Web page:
UF Board of Trustees votes unanimously to select Sen. Ben Sasse as school’s president

The University of Florida Board of Trustees on Tuesday voted unanimously to select U.S. Sen. Ben Sasse as the school’s 13th president.

GAINESVILLE, Fla. – The University of Florida Board of Trustees on Tuesday voted unanimously to select U.S. Sen. Ben Sasse as the school’s 13th president.

His selection still needs approval from the state university system’s Board of Governors on Nov. 9.

The UF Board of Trustees met Tuesday to conduct an interview with Sasse. The meeting took place after UF’s Faculty Senate on Thursday passed a resolution saying members have no confidence in a presidential search process that led to Sasse being the sole finalist to lead the university.

A search committee on Oct. 6 named Sasse, a Nebraska Republican, as the only finalist to replace outgoing President Kent Fuchs.

Outside the meeting, there was a vocal protest.

“I think his values are antithetical to the values of the university and its core mission,” said UF student Aron Ali-McClory.

UF student Ava Kaplan said, “I think the process that got Ben Sasse to this point is a sham. It doesn’t include the voices of the community that he’s supposed to serve.”

Those concerns were some of the central lines of questioning for Sasse — from LGBTQ issues to his views on China and whether that should be of concern to Chinese students.

Sasse said that he will honor the previous president’s policies on LGBTQ issues and that his criticisms of China are over the political leadership and human rights abuses — not the country or its people.

And with Sasse’s political standing in the Republican Party, there were questions about whether he got special treatment from Republican Florida Gov. Ron DeSantis. He was asked if anyone in the governor’s office in any way contacted him or guided him through the UF presidential search process.

“No. I did not think I have had conversation or been in a room with Gov. DeSantis since he was a congressman in 2016. I’ve had zero conversations with him about this and have been shepherded through this process by no one,” Sasse responded.

As far as politics go, Sasse said, he plans to take what he calls a “period of political celibacy” while coming into the new role.

The UF Faculty Senate’s no-confidence vote pertained to the search process and not Sasse as a candidate, although numerous faculty members on Thursday expressed reservations about Sasse potentially getting the job. Many also voiced concerns about the search committee recommending only one candidate.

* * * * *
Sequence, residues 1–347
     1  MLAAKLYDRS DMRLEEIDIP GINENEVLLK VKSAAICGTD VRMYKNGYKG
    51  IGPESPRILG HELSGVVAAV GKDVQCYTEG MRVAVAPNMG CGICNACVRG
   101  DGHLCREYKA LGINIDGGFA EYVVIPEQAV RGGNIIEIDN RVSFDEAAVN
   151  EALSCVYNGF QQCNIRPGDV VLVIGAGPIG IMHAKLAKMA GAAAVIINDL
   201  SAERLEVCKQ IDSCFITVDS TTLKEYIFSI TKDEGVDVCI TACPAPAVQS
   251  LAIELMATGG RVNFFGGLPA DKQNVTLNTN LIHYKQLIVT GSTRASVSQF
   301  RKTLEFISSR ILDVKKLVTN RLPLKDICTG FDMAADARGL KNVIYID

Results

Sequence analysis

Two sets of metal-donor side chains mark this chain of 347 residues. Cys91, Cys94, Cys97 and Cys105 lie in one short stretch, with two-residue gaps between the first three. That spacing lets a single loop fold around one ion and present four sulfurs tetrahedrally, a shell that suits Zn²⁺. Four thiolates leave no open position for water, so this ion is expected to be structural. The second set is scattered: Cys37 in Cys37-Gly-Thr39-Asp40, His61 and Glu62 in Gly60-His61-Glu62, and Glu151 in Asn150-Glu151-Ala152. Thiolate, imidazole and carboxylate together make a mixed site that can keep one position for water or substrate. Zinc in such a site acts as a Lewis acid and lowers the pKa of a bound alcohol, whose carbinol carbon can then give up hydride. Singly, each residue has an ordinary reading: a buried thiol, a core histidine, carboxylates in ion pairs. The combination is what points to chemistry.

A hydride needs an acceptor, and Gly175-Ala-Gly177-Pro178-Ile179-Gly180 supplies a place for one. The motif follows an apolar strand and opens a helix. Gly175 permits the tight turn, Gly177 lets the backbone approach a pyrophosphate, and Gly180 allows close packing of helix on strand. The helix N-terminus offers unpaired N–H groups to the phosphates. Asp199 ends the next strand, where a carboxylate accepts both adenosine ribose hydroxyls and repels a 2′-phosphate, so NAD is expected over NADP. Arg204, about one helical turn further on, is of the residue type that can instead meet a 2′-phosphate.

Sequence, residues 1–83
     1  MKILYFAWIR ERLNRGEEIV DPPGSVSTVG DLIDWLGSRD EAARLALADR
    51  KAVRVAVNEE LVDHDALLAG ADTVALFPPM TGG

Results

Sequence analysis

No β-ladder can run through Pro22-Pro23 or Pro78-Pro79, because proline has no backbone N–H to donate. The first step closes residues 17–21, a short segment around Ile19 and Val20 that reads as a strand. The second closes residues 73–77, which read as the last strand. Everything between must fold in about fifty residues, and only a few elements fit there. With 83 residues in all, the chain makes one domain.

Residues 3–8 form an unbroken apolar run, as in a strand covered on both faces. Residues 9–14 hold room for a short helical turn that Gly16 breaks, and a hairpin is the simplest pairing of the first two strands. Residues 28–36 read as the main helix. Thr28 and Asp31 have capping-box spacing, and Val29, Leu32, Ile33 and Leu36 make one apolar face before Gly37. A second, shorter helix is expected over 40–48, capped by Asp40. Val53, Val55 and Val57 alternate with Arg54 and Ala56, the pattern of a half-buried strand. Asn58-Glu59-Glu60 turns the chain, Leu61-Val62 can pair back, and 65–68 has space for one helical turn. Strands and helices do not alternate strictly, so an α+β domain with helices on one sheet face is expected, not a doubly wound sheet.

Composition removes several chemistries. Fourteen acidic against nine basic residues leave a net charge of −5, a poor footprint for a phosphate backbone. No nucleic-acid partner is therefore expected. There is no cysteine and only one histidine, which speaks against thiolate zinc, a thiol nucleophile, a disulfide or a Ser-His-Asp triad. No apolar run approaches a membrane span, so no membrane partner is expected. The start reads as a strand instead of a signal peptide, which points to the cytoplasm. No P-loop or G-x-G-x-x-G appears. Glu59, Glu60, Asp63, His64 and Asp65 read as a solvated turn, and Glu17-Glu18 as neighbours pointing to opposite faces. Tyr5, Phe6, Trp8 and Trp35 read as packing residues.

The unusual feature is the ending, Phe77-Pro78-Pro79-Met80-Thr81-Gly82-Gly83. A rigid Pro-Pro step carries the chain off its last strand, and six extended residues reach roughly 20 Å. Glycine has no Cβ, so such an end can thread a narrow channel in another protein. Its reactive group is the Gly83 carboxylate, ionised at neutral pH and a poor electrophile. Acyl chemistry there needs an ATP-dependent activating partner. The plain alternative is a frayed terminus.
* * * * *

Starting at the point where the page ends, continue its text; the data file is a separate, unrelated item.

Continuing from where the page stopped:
The United Faculty of Florida union announced last week that it had filed a public records request to try to get information about a group of reportedly undisclosed finalists. Sasse’s selection came after a new state law allowed the search to be conducted in private. The law, approved by the Florida Legislature and Gov. Ron DeSantis this year, created a public records exemption for information that could identify applicants until near the end of searches, when information about finalists can be released. Information about other applicants remains shielded under the law.

Also last week, Fuchs announced that the school will prohibit protests inside campus buildings ahead of Sasse’s interview with the trustees. The move came after Sasse’s meetings this month with students and staff were interrupted by student protesters, at least in part because of Sasse’s positions on LGBTQ issues.

Others question his qualifications to run such a sprawling school with more than 50,000 students. Sasse formerly served as president of Midland University, a small private school in Nebraska.

Ahead of Tuesday’s meeting, the Board of Trustees issued a statement saying that the recent no-confidence vote would not impact their final vote on Sasse.

About the Authors:

Scott is a multi-Emmy Award Winning Anchor and Reporter, who also hosts the “Going Ringside With The Local Station” Podcast. Scott has been a journalist for 25 years, covering stories including six presidential elections, multiple space shuttle launches and dozens of high-profile murder trials.